slides

24 February 2015
Julius Jonusas
Computers

Abstract:
Schreier-Sims

3 March 2015
Rachael Carey
Say aaaaaa: Unary Graph Automatic Semigroups

Abstract:
A graph automatic semigroup can be represented by a regular language. What happens if we restrict ourselves to languages over a single letter alphabet? Come to PPS to find out.

slides

10 March 2015
Sascha Troscheit
Logic, typos and comics

Abstract:
As I am consistently being accused of not being a "pure mathematician" I thought I would talk about something somewhat more abstract than abstract shapes. So this talk will encompass abstract logic, axioms, inconsistency, consistency, embarrassing typos and comics.
This is either a serious or not a serious talk.
And this is definitely a lie.

31 March 2015
Wilfred Wilson
Transformation semigroups and minimal ideals

Abstract:
Transformations are to semigroups as permutations are to groups, and I�ve been thinking about them a lot recently. I�ll share my thoughts, and talk about some ways of efficiently calculating properties of a transformation semigroup related to its minimal ideal.

slides

6 April 2015
Jasmina Angelevska
(Ss. Cyril and Methodius University of Skopje)
Something old, something new, something borrowed.



14 April 2015
Feyisayo Olukoya
Homotopy, Homology, and the fundamental group.

Abstract:
I will give a survey of one of the topics I enjoyed most over the course of SMSTC.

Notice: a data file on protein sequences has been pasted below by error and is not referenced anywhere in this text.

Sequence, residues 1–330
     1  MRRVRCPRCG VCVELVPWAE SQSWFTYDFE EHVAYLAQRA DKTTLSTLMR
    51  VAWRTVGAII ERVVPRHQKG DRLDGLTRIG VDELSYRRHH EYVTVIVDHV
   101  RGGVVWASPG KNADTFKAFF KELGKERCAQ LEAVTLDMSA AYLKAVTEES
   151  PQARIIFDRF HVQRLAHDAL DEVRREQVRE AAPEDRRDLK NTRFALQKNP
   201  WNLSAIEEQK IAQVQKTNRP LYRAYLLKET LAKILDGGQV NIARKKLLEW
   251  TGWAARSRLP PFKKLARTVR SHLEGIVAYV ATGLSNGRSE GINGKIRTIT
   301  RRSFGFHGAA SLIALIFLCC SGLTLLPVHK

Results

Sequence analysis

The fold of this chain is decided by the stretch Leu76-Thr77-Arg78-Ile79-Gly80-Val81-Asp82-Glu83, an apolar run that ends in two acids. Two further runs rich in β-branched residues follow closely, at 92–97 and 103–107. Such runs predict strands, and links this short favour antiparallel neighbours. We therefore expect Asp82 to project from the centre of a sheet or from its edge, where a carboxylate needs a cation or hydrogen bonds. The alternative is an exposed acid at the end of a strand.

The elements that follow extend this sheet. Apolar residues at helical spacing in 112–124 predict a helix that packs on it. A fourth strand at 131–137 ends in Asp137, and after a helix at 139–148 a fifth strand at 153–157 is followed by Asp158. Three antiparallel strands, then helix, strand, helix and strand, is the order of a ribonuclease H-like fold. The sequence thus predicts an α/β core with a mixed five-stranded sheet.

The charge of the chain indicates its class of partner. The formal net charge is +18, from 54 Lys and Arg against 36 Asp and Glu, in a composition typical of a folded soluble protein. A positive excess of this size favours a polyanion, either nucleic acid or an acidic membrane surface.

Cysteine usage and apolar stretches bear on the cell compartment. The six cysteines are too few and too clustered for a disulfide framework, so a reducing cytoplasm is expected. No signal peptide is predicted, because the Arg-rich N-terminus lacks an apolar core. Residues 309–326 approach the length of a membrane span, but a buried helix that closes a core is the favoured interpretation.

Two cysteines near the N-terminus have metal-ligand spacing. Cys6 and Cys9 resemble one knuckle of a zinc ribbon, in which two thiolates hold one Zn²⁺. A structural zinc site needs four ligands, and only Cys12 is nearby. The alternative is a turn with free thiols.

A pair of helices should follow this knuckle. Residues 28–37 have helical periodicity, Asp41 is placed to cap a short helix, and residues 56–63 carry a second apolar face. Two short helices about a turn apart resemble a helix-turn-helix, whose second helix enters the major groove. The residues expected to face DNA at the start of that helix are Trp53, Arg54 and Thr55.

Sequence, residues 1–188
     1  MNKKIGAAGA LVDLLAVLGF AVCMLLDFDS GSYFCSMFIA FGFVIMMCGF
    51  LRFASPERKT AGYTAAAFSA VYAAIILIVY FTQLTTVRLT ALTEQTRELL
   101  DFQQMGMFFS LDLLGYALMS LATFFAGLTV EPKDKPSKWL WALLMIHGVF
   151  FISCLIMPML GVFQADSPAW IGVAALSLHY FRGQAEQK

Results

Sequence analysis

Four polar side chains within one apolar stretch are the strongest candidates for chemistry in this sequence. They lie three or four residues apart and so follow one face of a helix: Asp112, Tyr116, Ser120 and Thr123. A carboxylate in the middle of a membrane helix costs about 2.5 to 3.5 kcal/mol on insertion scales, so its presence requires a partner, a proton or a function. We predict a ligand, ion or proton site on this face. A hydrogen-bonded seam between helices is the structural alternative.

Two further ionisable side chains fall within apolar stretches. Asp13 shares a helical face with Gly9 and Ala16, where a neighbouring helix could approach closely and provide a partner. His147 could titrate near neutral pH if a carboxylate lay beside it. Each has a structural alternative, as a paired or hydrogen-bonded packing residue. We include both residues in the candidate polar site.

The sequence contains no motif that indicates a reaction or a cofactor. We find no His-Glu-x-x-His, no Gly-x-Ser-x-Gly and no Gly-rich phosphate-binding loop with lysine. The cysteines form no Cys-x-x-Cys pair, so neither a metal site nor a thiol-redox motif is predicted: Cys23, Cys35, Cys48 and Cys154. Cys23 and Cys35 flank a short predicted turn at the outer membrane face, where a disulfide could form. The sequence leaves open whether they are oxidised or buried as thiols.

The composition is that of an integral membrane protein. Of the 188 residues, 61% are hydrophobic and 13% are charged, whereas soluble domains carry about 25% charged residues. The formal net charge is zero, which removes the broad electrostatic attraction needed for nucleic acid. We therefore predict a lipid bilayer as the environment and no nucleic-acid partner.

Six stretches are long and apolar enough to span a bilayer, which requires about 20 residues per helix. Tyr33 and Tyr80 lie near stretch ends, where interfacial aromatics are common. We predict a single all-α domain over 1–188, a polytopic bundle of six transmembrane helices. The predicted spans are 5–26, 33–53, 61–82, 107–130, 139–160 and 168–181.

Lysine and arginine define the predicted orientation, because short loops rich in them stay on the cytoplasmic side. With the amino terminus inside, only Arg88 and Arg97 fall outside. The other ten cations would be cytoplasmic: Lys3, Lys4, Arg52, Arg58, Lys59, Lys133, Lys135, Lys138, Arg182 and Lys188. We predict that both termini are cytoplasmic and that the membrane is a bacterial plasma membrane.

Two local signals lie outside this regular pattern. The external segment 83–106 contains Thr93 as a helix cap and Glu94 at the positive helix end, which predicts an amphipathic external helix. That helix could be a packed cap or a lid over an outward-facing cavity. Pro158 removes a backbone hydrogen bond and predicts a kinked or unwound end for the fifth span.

21 April 2015
Daniel Bennett
Not Seeing the Forest for the Trees

Abstract: Taking a step back from binary trees, we will consider the larger Forest Monoid and how to use it to create Thompson-like groups. At it�s core is the Zappa-Sz�p product between monoids which Matt Brin took and applied to the specific case of the Forest Monoid to create the BZS-product. We will give a hand-wavy explanation of how Thompson�s group V can be derived from such a construction, and finish by presenting some more interesting groups that arise in the same fashion.

28 April 2015
Jose Espin Buendia
(University of Murcia)
(Published) Mistakes which motivate talks, books and even PhD theses!

Abstract:
In The International Congress of Mathematicians in 1900, Hilbert posed a list of 23 problems. In the second part of the 16th problem (still open) he proposed to find (if possible) an upper bound for the number of limit cycles that a planar polynomial vector fields of degree \(n\) can have.
In 1923, H. Dulac presented a proof of a partial result: any planar polynomial vector field have finitely many limit cycles.
Since the publication of this result by Dulac, many results in the field of qualitative theory of differential equations have been proved using it (in a essential way). However, in 1982, Yu.S. Ilyashenko found a fatal mistake in Dulac's proof. Ilyashenko itself was able to amended the proof (the proposed new proof is a book!) in 1991. J. Ecale (in 1992), found a different proof as well. Despise these two proofs are generally approved by the mathematical community, they are extremely difficult to follow even to specialists in the field.
The research I am doing as a PhD student is motivated by a (modern) situation similar to the one described above. In 2007, V. Jimenez (my advisor) and J. Llibre gave a topological characterizations of the omega-limit sets for analytic flows on the sphere and the projective plane. Their proof is based on an auxiliary lemma which, despite the validity of its statement, it is not well proved in the paper. I shall present how we found the problem in that paper (just the context, I will not bore you with technical details!) and (the idea of) how we solved it.